LIFE&STYLE

Seoul fashion blends luxury, high street

By Korea Herald

Next year’s spring and summer wardrobes arrive with romantic and fun styles at Seoul Fashion Week

  • Published : Oct 26, 2014 - 22:08
  • Updated : Oct 26, 2014 - 22:08
When Steve J & Yoni P’s Seoul Fashion Week show on Oct. 20 surprised many in the star-studded front row and packed auditorium with its combination of romantic colors and playful graffiti prints.

“I think Steve J & Yoni P fits the mood of what is going on in Korea, between high street fashion and luxury,” said Danny Stienen, a buyer from Antonioli in Milan.

It is difficult to be both sexy and feminine at the same time, added Stienen.

“But I think this year’s womenswear collections, along with Steve J & Yoni P’s, are able to present both characteristics and define luxury street style,” he said.
Steve J & Yoni P (Seoul Fashion Week)

Seoul Fashion Week, in its 15th year, ended its six days of spring-summer glamor Wednesday at Seoul’s newest venue, Dongdaemun Design Plaza. The week included 85 fashion shows, and was attended by more than 60,000 fashionistas, models and buyers, as well as K-pop fans hoping to catch a glimpse of their idols.

SFW rolls out the carpet a little later than other major international fashion weeks, such as New York, Milan, Paris and London, so buyers often arrive with limited budgets. But international buyers said they were planning to spend more money in Seoul than in previous years after watching the shows.

“K-pop and Hallyu play a big part for people in Hong Kong and Asia to like K-fashion,” said Tony Lee, merchandising manager of Hong Kong’s Harvey Nichols.

“Korean clothes comprise 6 percent of the total purchase we make and it is likely to increase,” said Lee, who is on his seventh visit to SFW.

“There are unique patterns that don’t exist in Europe,” said Steinen. “I think that these kinds of special styles and logos can break into the European fashion market.”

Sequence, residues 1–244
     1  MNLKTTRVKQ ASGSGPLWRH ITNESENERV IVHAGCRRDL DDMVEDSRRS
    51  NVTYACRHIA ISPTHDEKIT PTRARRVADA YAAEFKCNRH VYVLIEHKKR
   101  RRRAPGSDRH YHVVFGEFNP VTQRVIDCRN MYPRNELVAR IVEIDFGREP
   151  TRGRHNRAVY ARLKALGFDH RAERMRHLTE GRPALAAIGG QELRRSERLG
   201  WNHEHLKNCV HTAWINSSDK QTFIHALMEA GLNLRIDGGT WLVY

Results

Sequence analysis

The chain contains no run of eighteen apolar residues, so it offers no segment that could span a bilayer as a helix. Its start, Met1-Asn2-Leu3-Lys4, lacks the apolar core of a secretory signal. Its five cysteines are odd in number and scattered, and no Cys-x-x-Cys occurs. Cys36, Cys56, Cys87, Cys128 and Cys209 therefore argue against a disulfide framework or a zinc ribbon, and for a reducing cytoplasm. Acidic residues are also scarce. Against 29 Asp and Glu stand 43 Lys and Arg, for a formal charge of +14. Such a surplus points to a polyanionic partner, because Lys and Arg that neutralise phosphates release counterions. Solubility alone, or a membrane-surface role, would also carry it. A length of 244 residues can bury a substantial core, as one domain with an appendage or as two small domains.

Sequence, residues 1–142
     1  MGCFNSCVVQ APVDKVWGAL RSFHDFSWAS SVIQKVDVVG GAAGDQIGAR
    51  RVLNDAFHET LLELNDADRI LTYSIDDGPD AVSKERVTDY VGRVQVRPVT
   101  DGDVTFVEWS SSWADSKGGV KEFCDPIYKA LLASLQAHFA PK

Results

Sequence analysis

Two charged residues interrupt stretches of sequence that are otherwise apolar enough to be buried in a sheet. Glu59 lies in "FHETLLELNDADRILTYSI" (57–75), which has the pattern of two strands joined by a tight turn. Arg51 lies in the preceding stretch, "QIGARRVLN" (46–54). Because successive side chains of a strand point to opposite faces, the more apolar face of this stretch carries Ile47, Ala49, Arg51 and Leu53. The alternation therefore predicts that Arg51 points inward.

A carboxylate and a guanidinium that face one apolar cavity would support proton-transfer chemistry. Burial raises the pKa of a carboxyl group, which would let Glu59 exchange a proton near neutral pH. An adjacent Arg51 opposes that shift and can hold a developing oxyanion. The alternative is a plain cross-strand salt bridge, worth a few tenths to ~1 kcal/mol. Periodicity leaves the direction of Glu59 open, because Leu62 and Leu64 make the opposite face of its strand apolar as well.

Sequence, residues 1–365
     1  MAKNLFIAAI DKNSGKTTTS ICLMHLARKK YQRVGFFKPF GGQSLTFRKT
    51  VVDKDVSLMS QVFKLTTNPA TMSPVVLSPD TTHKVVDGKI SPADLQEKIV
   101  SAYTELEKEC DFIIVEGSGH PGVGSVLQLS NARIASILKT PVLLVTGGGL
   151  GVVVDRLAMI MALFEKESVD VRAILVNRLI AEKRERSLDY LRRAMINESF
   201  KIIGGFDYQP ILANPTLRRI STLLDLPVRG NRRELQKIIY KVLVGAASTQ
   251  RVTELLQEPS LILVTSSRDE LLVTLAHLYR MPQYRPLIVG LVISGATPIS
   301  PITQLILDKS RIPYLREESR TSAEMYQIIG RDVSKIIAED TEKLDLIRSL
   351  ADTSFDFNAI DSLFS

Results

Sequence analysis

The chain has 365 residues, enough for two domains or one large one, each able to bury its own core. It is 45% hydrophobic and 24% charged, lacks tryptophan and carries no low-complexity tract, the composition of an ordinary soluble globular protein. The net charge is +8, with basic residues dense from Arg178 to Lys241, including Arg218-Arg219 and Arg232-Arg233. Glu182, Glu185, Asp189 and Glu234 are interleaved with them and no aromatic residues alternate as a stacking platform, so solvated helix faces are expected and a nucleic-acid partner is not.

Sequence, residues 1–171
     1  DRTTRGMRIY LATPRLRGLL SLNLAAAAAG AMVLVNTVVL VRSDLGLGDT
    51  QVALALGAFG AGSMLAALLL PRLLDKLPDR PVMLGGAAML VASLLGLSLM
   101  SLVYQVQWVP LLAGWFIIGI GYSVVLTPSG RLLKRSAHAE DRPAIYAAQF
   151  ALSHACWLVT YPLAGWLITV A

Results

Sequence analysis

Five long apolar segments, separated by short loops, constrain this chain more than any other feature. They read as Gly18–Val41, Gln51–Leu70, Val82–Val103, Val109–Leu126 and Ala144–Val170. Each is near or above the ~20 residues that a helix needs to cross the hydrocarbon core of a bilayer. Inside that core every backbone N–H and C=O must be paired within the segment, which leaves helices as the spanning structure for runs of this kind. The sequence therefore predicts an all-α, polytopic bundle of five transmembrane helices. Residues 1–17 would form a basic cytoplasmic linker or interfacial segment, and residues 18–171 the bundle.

In response to the worldwide “Normcore” trend for unpretentious and inconspicuous clothing, Seoul’s womenswear is wearable and practical, but adds layers of romantic and funky style for a more luxurious look.

Designer Park Seung-gun of pushButton, known for his whimsical and creative designs, presented a lovely collection inspired by a photograph of Mexican painter Frida Kahlo, wearing a simple white shirt and wide denim pants with a cigarette in one hand. 
pushBUTTON (Seoul Fashion Week)

The collection highlighted simple and practical style, while adding delicate spring color palette of baby pink, sky blue and saddle brown for a ladylike touch. Soft textures, including silk taffeta, emphasized the collection’s funky romantic style, with playful, flared skirts and cocoon silhouette outerwear.

Steve J & Yoni P’s collection lived up to the hype, set on the theme “Modernistic Renaissance,” through prints based on ancient plants and statues used in the collection’s signature items, layered wrapped-skirts and skirt-inspired belts.

Soft romantic colors like baby pink, lemon yellow and royal blue blended well with the overall theme of the collection, painting a widely romantic and fun spring collection.

Low Classic, under the helm of designer Lee Myung-sin, continued its witty and classic design displaying a practical line, in tune with the collection’s theme “American Dream.” The models sauntered down the runway with short orange hair in unison, reminding of rusty-haired Mila Jovovich in the 1997 film “The Fifth Element.” 
Low Classic (Seoul Fashion Week)

Miss Gee Collection (Seoul Fashion Week)

The collection added a funky, bright touch to its knitwear and comfortable easygoing silhouettes.

Designer Gee Choon-hee’s Miss Gee Collection marked the last day of fashion week. The collection was dominated by toned down achromatic colors with flashes of blue and yellow for emphasis, balanced with minimal clean-cut lines and simple silhouettes.

“This year’s Seoul collection was impressive,” Tony Lee added after the show. “A mix of fun and avant garde style can become a niche market for Korean designers.”

By Ahn Sung-mi (sahn@heraldcorp.com)